Southwest of Gestili, the sea tapers into a narrow sound, the narrow band of earth around which (no more than a few miles wide in some places) keeps the sea from spilling into the void. From the end of this strip of land, an enormous Garien can be found. In the eastern area of this floating continent, the Bringer lives in a gigantic self-sufficient tower referred to as the Sanctum. The tower is populated by a group of sages, made up of every race found on Ihn Gallad as well as a few strange races not found anywhere else, from the distant reaches of the universe. While everyone in the Sanctum realizes the extent of Ihn Gallad, only the Bringer has ever crossed the void into the mainland. And while the sages are certain the Bringer remains, he has never left his sanctum or made his presence known since the Elven Wars.

In the distant south, south of the unnamed island continent of prehistoric Ihn Gallad, there is a small settlement of ancient humans, who had populated Ihn Gallad even before the creator’s arrival, on the strip of land at the edge of Ihn Gallad. The village is named Kartal: just as the plane had been named long before the Bringer had come to it. The Kartalians never settled beyond the continent in the south, but they lived well. That is, until something happened, thousands of years ago- something that modern Kartalians have no record of. Whatever this event was, it left no trace in the Kartalian ruins on the island- it’s almost as if everyone had just disappeared. The survivors live in unique hut systems that hang off of the edge of the world itself, such that someone on the land would have to peer over the edge into the abyss to see anyone at all.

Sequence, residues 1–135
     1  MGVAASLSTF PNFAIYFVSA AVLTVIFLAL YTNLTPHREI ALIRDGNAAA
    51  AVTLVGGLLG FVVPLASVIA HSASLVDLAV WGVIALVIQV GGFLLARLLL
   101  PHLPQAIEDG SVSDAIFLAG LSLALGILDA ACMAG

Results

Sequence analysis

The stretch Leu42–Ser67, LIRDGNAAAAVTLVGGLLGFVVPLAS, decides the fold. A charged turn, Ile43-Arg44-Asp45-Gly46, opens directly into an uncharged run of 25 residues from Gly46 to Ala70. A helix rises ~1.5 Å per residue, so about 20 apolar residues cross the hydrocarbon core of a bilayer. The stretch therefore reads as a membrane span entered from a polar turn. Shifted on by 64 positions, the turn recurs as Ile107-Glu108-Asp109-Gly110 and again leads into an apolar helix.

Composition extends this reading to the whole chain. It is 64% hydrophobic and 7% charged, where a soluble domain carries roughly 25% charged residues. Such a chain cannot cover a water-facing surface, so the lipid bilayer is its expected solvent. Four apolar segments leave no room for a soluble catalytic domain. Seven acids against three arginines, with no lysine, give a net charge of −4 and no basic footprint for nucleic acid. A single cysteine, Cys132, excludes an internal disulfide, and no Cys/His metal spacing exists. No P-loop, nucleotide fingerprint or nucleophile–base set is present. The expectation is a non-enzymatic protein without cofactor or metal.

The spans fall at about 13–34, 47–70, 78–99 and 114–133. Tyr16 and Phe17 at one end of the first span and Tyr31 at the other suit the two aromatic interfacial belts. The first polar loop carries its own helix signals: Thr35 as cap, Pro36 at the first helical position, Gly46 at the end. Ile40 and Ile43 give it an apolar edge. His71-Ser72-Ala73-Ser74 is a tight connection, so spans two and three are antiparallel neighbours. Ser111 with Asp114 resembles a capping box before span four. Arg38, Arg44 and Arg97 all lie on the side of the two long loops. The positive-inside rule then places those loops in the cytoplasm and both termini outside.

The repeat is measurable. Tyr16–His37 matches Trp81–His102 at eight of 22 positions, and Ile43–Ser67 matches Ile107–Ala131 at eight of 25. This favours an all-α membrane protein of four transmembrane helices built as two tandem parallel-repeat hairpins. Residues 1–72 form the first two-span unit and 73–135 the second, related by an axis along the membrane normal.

Pre-Kartalian History

Ihn Gallad sports secrets within its secrets. Even though no Kartalian has ever set foot on the mainland, nor do they know of other civilized beings in the world, they have maps of the entire world, and speak in the same tongue as the people of Ihn Gallad- a language all intelligent races develop on their own. Anyone who spends more than a few years in Ihn Gallad, regardless of whether they speak to anyone, simply comes to know the Galladic tongue. No one knows how the people of Ihn Gallad are connected to lead to such strange phenomena. It also remains unknown why Kartal is hung so dangerously over the edge of the land. Who are they hiding from? Modern Kartalians don’t even remember, but it may be connected to the reasons behind their disappearance from their island continent thousands of years ago.

Some of the answers might just be somewhere in the ancient Kartalian ruins on the island, but the ultimate truth will never be found on one island alone...

Expansion Needed